Before you conclude my mom was all taskmaster and stern lessons, I want to make sure you know she was more likely to be having fun and enjoying herself than scolding or teaching. She’d read books to her grandkids for as long as they wanted and rub my shoulders for hours while we watched TV. I think her perfect Saturday would be cruising flea markets or outlet malls, buying clothes, toys, and knickknacks for everyone she knew. She loved to play cards and was a fierce competitor. However, if she lost, that was that. She’d done her best and was ready to move onto the next game. Mom loved casinos too. Once while visiting Vegas, she outlasted my brother (although not my sister-in-law) and played blackjack all night long.
Most importantly, and this part of mom deserves a its own paragraph, there was never a bad time for ice cream.
To this day, my mother’s voice and actions still guide me in almost everything I do. Allow me to provide two examples. First, a few years ago I was coming out of a restaurant onto a busy street. To my right I heard a voice asking for help. When I turned, I noticed a blind woman. She asked if I would guide her to a meeting with her nephew. I told her to take my arm and we walked four blocks to a grocery store where the nephew was waiting. On the way, the woman thanked me and wondered if I needed to be somewhere else. I responded immediately and without thinking. “Please don’t worry. If I wasn’t doing this, my mother would sit up in her grave and yell at me.” Secondly, when I started writing full time, I went through the discovery process, trying to determine what kind of author I wanted to be. As I’m sure you are aware, stories can range from Hallmark Channel wholesome to “skin someone alive” gruesome. Language choices can be harsh and descriptions of human intimacy graphic. As I experimented, I decided on a simple guardrail. I concluded that I’d never write anything I’d be embarrassed for Mom to read.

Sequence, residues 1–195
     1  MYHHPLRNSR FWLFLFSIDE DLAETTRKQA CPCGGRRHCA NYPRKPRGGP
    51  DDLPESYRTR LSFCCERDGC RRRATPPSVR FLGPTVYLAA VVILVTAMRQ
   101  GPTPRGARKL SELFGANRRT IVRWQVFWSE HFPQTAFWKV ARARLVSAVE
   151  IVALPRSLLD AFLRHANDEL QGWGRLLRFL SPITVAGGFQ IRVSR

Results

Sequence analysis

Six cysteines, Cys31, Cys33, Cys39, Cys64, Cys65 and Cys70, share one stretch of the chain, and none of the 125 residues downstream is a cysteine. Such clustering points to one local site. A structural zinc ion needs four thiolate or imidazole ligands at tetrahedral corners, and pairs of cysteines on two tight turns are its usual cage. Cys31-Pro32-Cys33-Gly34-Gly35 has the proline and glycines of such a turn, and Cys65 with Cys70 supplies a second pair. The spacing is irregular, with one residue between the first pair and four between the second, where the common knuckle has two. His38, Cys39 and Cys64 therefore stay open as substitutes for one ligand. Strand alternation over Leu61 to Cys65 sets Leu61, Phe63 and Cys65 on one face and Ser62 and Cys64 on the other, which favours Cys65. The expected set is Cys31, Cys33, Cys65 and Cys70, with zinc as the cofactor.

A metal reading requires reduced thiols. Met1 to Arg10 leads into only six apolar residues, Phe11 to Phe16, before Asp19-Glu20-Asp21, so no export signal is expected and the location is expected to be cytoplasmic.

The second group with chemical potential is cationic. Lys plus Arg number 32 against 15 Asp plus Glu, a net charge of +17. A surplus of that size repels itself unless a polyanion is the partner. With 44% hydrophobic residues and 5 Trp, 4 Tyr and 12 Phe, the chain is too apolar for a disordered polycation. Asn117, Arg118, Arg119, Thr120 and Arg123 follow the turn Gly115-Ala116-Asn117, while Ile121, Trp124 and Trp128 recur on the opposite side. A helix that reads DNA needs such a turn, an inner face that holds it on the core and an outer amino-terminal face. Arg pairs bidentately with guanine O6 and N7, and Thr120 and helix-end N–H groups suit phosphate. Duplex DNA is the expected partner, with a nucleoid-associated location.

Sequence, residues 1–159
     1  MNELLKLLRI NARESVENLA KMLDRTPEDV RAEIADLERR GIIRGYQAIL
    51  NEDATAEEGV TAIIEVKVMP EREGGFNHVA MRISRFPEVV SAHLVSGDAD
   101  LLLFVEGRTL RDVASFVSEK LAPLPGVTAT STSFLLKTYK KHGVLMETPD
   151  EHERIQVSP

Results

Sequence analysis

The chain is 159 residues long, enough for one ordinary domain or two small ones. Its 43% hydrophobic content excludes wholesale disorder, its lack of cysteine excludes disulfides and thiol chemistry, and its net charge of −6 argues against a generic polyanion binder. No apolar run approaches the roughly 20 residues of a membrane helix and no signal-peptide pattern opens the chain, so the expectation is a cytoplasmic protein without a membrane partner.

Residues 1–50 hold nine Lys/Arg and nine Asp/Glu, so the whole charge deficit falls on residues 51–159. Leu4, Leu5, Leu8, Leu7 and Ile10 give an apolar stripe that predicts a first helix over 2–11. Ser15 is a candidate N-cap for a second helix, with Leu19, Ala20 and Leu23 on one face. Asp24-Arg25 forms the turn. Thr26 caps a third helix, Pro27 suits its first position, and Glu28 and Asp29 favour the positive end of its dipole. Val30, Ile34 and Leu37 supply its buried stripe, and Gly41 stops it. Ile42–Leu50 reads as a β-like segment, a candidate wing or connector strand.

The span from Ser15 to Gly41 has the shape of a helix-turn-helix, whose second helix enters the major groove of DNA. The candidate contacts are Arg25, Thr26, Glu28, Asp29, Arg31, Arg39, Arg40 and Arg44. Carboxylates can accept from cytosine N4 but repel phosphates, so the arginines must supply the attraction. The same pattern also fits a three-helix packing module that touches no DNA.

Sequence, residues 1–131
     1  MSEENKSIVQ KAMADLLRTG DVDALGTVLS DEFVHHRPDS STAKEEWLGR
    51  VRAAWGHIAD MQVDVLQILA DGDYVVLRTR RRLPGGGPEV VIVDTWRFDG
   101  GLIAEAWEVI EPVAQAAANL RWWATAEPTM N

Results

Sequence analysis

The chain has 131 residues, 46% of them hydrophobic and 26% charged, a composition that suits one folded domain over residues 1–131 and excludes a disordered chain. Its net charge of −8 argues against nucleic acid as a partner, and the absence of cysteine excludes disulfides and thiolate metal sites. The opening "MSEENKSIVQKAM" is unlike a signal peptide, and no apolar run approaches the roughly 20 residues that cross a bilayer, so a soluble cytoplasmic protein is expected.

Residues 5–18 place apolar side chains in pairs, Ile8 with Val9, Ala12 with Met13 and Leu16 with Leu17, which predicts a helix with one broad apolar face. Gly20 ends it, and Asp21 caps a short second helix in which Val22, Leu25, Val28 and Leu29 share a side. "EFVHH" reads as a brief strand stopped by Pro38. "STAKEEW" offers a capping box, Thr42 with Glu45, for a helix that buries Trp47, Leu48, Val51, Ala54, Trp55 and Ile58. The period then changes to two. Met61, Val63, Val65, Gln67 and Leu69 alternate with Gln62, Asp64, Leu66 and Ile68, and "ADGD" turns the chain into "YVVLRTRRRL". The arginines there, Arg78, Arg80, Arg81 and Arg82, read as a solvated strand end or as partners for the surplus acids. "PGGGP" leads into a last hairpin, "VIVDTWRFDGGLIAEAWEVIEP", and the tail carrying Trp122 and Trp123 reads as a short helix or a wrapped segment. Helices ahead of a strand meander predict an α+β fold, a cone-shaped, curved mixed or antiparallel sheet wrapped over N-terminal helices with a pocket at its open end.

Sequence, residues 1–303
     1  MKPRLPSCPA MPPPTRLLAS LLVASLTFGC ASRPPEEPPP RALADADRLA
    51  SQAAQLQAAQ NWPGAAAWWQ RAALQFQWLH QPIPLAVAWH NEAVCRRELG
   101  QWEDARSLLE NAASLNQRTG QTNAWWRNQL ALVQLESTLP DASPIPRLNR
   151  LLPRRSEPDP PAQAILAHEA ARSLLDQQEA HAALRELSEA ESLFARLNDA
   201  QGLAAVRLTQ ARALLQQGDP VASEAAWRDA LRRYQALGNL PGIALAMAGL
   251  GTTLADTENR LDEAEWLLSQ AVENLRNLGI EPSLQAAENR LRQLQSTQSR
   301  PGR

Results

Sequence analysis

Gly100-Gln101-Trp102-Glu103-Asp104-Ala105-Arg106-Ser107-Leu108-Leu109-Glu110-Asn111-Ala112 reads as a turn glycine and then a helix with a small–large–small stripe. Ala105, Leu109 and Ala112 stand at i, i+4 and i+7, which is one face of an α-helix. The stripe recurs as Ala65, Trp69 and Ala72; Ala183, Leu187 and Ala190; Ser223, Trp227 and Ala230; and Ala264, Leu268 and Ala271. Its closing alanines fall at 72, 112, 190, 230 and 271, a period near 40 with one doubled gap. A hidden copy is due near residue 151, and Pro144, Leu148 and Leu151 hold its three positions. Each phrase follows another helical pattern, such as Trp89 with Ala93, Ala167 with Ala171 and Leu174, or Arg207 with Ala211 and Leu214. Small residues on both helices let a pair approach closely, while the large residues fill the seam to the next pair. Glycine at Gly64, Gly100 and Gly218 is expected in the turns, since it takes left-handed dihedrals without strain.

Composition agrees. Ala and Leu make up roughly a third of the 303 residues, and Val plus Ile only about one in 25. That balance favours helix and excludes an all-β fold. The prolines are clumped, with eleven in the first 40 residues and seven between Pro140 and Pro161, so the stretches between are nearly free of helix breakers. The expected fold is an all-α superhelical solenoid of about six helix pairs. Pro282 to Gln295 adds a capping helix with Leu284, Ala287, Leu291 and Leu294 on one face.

My mother was a great person. While I’m sure she had her selfish moments, I never saw them. Instead, I can only recall her giving and giving and giving. I’m sitting here, staring at my screen, knowing I haven’t captured what she meant to me, my brothers, and everyone around her. Maybe I’m thinking too much. Perhaps a simple sentence can illustrate the legacy she left behind.
Quite simply, she taught me how to love.
Steven Rogers faith-based novel “Into the Room” will be published by Elk Lake Publishing in May of 2021. You can visit his author page at https://elklakepublishinginc.com/steven-rogers/